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In recent times, guardianship law has been gaining much public attention – for a variety of reasons. With a steadily aging domestic and international demographic, an increasing number of people contemplate how they will be cared for if they lose capacity. A new variety of alternatives to guardianship have been adopted by states to allow for “supported“ decision- making in numerous ways, while various forms of limited guardianship have emerged as alternatives to the traditional “one size fits all” model of plenary guardianship prevalent in the past. In addition, some advocate abolishing guardianships entirely, believing them to be an affront to the human rights of persons with disabilities. Many have written various critiques of guardianships from diverse perspectives.

This article will address guardianship theory through a different lens: the perspective of Catholic social thought on the dignity of the human person. In one sense, to appoint a guardian seems a routine matter. Probate and family courts conduct guardianship proceedings constantly. Yet, there is something morally profound in this routine matter as it dramatically curtails the legal rights of one in favor of expansive legal control by another. The implications of allowing one person to act so fully in the stead of another demands deep reflection. As in other matters, Catholic teaching may be brought to bear on this issue A Catholic view of the dignity of the human person contributes two rich and potentially conflicting lines of thought on this question. The duty to protect a vulnerable person and his or her dignity is a sacred responsibility. A guardianship -- if undertaken by the right person with the right motives -- can accomplish this protection in a highly effective way. On the other hand, because guardianships bring with them a dramatic loss of human autonomy, they can also pose a potential threat to that very dignity, particularly when they are abused or unnecessary.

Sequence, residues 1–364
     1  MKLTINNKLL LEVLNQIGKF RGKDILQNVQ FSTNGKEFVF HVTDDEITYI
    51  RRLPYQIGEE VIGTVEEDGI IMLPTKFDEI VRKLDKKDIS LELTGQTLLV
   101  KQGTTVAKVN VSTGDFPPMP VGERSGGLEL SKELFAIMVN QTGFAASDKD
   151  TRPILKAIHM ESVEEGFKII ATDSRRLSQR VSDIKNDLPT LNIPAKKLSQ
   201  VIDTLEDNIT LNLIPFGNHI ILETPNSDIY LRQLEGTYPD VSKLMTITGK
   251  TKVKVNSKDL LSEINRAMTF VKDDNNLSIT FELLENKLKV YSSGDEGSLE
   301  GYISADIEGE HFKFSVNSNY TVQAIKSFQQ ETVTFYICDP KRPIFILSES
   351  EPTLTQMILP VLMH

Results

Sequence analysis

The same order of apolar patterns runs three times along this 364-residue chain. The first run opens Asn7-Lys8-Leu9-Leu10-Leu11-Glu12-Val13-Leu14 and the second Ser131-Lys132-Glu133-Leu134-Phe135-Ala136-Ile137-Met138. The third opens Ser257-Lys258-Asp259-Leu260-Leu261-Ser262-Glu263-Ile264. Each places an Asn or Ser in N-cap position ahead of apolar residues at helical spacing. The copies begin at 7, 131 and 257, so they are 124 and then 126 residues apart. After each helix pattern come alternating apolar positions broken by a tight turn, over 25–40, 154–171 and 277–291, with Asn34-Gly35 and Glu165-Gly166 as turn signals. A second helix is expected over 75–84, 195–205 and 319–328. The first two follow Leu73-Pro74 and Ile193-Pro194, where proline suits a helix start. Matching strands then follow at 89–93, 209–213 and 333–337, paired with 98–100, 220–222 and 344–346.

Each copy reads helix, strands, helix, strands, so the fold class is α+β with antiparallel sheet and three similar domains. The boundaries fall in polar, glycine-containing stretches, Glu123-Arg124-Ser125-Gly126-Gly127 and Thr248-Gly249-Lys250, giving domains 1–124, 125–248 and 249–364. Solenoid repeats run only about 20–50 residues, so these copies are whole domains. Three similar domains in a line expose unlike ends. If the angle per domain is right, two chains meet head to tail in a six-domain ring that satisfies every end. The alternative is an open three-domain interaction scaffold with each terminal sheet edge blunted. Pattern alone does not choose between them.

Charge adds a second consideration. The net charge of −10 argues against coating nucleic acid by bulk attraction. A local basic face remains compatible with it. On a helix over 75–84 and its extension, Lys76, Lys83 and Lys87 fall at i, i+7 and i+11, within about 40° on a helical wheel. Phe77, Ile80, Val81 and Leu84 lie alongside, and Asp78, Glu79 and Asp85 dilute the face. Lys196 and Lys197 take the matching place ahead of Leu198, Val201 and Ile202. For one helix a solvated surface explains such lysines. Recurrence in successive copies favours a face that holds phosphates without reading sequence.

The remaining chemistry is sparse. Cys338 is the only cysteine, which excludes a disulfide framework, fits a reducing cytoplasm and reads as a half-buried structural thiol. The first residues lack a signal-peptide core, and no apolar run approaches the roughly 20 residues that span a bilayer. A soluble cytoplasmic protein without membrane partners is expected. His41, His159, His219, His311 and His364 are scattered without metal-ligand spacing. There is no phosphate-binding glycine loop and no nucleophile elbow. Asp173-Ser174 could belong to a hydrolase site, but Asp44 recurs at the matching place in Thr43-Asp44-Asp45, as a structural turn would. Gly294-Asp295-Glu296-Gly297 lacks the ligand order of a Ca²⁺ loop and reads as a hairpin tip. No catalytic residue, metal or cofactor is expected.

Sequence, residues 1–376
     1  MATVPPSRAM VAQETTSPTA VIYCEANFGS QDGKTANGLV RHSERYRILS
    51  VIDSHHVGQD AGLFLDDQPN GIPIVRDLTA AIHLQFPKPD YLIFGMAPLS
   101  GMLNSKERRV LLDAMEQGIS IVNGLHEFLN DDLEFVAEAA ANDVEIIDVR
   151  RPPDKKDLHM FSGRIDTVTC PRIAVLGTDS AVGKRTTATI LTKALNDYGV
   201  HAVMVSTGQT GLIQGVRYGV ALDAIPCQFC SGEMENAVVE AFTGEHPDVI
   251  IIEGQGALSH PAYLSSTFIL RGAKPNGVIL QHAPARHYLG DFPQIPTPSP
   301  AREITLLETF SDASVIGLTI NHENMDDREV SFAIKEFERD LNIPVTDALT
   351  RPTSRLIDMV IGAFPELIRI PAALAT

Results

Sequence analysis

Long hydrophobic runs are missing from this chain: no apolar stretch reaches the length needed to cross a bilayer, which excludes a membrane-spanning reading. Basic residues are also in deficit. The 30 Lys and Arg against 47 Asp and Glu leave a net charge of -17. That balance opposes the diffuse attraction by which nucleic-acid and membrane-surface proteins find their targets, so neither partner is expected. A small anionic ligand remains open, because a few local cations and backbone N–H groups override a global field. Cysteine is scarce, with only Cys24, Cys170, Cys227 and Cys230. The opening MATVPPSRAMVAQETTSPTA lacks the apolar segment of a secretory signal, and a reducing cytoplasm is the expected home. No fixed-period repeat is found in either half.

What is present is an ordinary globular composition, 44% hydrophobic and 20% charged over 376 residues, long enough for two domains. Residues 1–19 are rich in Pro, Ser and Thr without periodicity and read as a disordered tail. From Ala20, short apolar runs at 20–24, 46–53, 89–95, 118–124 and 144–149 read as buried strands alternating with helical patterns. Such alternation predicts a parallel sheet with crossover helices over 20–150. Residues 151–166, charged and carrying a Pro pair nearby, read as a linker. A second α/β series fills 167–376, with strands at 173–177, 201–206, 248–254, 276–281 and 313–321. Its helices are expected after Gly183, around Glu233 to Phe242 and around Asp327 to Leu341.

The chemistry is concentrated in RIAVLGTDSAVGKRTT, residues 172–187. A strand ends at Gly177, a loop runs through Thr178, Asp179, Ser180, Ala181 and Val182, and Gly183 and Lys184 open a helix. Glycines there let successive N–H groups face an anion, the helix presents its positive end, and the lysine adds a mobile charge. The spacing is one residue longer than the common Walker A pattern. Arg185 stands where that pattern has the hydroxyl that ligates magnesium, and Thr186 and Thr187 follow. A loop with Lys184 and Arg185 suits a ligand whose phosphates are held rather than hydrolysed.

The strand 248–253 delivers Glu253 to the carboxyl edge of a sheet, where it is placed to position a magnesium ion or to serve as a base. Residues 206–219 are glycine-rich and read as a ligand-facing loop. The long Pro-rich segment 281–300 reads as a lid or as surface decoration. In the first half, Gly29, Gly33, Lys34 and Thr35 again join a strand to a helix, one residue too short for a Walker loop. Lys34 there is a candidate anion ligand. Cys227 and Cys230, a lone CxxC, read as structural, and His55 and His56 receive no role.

As legal debates rage both domestically and internationally, there is a profound moral question underlying guardianships that requires deeper reflection on more fundamental questions of human nature, the duty to protect, the obligations of protectors, the value of human autonomy, and the limits, vel non, of human independence. It also forces contemplation about the reality of human vulnerability in all its forms and demands appreciation for both a rightly ordered duty to care and the parameters of authentic freedom. The paper begins with a brief description of guardianships and their ramifications from domestic and international legal perspectives. Next, it will explore relevant Catholic social thought with respect to both the duty to protect vulnerable persons and the importance of human autonomy. Then, it will address what these principles may bring to bear on (1) the substance of guardianship laws and, more importantly, (2) the moral obligations of those who undertake the role of guardians.

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